UNHCR Refugee Camp in Jordan: Safe Haven for Jihadist Rebels and Arms Shipments into Syria

In-depth Report:

Apart from the over 100,000 people estimated to have been killed in Syria, the most dramatic statistic illustrating the humanitarian crisis entailed by the ongoing war is surely the over two million Syrians estimated to be living as refugees in neighboring countries. Many are being housed in camps set up under the auspices of the UN High Commissioner for Refugees (UNHCR). Details in a recent report in the French daily Le Figaro [1] reveal that one of the largest such camps, the Zaatari camp in Jordan, is, in effect, a safe haven for rebel forces fighting to overthrow Syrian President Bashar al-Assad.

The Zaatari camp is located just over the Syrian border, about 50 kilometers from Daraa, one of the cradles of the anti-Assad uprising. According to the latest UNHCR statistics, it is currently home to nearly 123,000 people.

The details about the camp in the Le Figaro report are particularly significant in light of the presence in Zaatari of a French military hospital. The hospital opened in August 2012 to great fanfare in the French media as a humanitarian initiative aimed at alleviating the suffering of civilian victims of the war. The Le Figaro report makes it clear that at least some of the patients being treated there are not civilians, but rebel fighters.

The report highlights the activities of one Ghassem, a member of the so-called Yarmouk Martyrs Brigade, who has accompanied a severely wounded comrade to Zaatari to receive medical attention. Ghassem’s fellow fighter, Omran, has had his legs blown off by a landmine. The report notes that Ghassem “regularly comes to the aid of the revolution’s wounded,” i.e. presumably by bringing them to Zaatari for treatment. Per his own declarations, Ghassem will soon be slipping back across the border and on his return trip he will be carrying drugs to treat presumably less severely wounded comrades still in Syria.

That members of the Yarmouk Martyrs Brigade would be receiving medical treatment on the grounds of a UN-run refugee camp is at least ironic. The Yarmouk Martyrs Brigade is the same group that caused an international stir last March when it took 20 UN peacekeepers hostage near the Golan Heights. Shortly before that incident, videos were posted on pro-rebellion YouTube pages that documented the summary execution of captured Syrian soldiers by self-described members of the brigade. [2] The 1951 Convention on the Status of Refugees, which serves as the basic statute of the UNHCR, specifically excludes people suspected of war crimes from enjoying protection as refugees under international law.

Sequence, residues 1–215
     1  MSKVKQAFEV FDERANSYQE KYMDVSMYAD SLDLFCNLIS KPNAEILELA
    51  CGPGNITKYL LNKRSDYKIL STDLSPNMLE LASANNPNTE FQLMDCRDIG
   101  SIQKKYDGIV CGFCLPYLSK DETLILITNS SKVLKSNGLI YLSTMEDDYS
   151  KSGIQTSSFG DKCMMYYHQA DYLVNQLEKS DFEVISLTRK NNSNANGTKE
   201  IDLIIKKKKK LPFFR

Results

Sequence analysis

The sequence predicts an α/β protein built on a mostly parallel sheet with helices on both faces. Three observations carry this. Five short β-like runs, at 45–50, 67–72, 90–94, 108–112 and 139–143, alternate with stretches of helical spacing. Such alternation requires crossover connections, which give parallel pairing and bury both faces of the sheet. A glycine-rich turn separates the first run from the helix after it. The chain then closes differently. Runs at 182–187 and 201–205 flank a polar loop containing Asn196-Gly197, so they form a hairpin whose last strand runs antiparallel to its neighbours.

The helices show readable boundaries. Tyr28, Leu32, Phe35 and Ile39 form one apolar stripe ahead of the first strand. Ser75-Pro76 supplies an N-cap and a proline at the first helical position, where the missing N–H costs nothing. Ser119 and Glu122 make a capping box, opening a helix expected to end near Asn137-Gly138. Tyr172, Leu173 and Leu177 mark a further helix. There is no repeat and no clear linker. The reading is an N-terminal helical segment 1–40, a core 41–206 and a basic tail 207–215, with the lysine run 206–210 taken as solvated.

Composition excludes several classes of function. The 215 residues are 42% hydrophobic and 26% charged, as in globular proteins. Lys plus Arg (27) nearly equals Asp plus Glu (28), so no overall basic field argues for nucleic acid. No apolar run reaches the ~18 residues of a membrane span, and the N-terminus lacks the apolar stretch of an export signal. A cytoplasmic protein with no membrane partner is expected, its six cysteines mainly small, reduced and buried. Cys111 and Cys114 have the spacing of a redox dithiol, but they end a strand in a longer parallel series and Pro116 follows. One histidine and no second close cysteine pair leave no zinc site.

But the treatment of wounded fighters appears not to be the only benefit rebel forces derive from the Zaatari camp. According to Le Figaro, “mafias” have come to control a burgeoning black market in the camp. One such “mafia,” for instance, is reported to be pirating the camp’s UNHCR-funded electricity supply and selling electricity to private customers in the tents and prefabricated housing units that make up the camp. According to Le Figaro, these mafias are in turn “funneling money to the rebels.”

Perhaps most astonishing of all, however, are the observations of Kilian Tobias Kleinschmidt, the German UNHCR official who is in charge of the Zaatari camp. “Up until Ramadan in July, come evening young men would announce over megaphones that arms had arrived and that potential fighters had then to present themselves,” Kleinschmidt told Le Figaro. Kleinschmidt insisted that these calls-to-arms have now ceased. But the receipt of arms shipments at a UNHCR camp and the apparent organization of fighting units from within the camp calls into question the neutrality that is essential to the UNHCR’s humanitarian mission.

Returning to the matter of the French military hospital, according to Le Figaro, some 80 French military personnel are assigned to the facility. “But,” the paper notes somewhat enigmatically, “only a handful have medical functions.” [4] Le Figaro and other French media have reported that French Minister of Defense, Jean-Yves Le Drian, would like to close the Zaatari hospital as a money-saving measure. French Foreign Minister Laurent Fabius, however, is reportedly committed to maintaining the facility.

John Rosenthal is a European-based journalist and political analyst who writes on transatlantic security issues. His new book is The Jihadist Plot: The Untold Story of Al-Qaeda and the Libyan Rebellion. His articles have appeared in such publications as World Affairs, Al-Monitor, Policy Review, The Wall Street Journal Europe, Les Temps Modernes and Die Weltwoche. You can follow his work at Transatlantic Intelligencer or on Facebook.


1. Le camp de Zaatari entre mafias et detresse, Le Figaro, October 22, 2013.
2. For the videos and a discussion, see Syria Exclusive: The Western-Armed Insurgents Who Executed POWs and Captured UN Peacekeepers, EAWorldview, March 11, 2013.
3. See Convention and Protocol relating to the Status of Refugees, Article 1, paragraph f(a).
4. L’hopital militaire francais, ouvert en 2012, pourrait fermer avant la fin de l’annee, Le Figaro, October 22, 2013.

Articles by: John Rosenthal

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